IF it is actually built. That remains to be seen.

Someday we would like to see a replica built that is truly based on Stonehenge as we see it now, imitating the shape of each stone and extrapolating from that to just how the original builders saw it when it was complete. This is not that project. But a large Stonehenge replica/sculpture in Wiltshire, so near the original would be wonderful to see. Maybe we could have a Clonehenge party at its opening! As things develop with the New Stonehenge, we will keep you posted.

Until then, friends, happy henging!

(Please read Colin Shearing’s comment below for a better description and explanation than we had room for here.)

More Old Film: Model of an Avebury Stone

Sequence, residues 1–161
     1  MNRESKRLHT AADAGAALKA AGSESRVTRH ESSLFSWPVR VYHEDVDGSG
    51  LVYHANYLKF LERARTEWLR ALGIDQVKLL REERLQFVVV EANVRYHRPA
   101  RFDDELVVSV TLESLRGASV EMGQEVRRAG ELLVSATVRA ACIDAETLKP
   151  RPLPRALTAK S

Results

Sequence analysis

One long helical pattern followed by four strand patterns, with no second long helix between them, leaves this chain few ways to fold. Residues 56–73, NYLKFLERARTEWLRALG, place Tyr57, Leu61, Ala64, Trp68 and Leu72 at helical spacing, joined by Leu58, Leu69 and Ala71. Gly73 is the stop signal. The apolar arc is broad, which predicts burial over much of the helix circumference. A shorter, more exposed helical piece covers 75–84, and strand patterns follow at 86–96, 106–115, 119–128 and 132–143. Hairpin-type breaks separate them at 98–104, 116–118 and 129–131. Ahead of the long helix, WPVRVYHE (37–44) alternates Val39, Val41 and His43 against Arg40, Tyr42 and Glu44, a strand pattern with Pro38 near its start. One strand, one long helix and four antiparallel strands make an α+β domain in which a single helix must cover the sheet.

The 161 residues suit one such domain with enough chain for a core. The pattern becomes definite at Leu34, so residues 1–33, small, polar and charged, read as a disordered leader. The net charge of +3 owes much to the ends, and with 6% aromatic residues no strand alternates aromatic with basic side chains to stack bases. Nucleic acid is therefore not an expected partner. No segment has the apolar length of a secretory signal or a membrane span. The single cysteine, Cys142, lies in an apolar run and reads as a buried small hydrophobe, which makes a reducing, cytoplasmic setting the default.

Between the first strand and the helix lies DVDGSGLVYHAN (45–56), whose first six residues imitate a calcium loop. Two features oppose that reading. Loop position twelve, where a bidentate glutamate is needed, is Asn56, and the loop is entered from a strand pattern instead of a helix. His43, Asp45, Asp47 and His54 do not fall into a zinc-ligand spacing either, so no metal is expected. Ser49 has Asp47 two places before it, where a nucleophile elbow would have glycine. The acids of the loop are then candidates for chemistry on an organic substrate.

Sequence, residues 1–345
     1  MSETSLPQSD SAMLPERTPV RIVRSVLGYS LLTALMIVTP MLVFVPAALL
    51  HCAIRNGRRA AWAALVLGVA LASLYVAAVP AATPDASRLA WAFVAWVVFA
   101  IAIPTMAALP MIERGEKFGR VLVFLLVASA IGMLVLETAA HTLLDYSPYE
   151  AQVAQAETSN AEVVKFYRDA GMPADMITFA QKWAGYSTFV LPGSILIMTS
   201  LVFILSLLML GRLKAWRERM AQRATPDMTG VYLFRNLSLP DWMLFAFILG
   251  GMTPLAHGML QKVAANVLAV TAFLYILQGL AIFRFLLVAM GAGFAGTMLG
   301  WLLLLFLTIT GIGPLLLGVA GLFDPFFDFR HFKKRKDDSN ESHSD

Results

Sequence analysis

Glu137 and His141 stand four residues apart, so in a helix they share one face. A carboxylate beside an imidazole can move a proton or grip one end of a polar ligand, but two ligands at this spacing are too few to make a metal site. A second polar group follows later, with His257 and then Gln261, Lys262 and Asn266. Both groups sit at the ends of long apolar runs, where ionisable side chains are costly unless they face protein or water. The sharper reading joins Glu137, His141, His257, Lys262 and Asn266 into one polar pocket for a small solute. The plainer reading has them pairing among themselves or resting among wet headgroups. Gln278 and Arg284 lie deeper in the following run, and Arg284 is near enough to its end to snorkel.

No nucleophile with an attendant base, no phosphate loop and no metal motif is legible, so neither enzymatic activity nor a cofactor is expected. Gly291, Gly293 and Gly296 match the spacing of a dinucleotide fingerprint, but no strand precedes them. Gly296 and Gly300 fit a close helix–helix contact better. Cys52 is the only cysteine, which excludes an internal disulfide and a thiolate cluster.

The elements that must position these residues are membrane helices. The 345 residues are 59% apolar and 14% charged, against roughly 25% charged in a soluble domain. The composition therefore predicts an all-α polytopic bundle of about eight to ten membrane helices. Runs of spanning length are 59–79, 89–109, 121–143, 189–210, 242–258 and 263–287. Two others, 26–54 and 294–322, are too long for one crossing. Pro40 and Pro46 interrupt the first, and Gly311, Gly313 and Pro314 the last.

photos and film link sent us by Pete Glastonbury, used with permission

Apparently posting about Stonehenge replicas is, well, just not obscure and geeky enough for us. Otherwise why would we be so delighted to bring you this odd trifle–a film from 1955, narrated by well-known British writer and television personality John Betjeman, that includes, for a few seconds, the above model showing how the  stones of the Avebury monument may have been erected? [for those who don’t know about Avebury, see here.]

We’ve posted some other Avebury models. That all started because someone mentioned and we concurred that Avebury is so much larger and impressive than Stonehenge yet there didn’t appear to be any Avebury replicas. Friend of the blog and well-known ancient sites photographer Pete Glastonbury proceeded to come up with not one but several small Avebury models and we couldn’t resist posting them.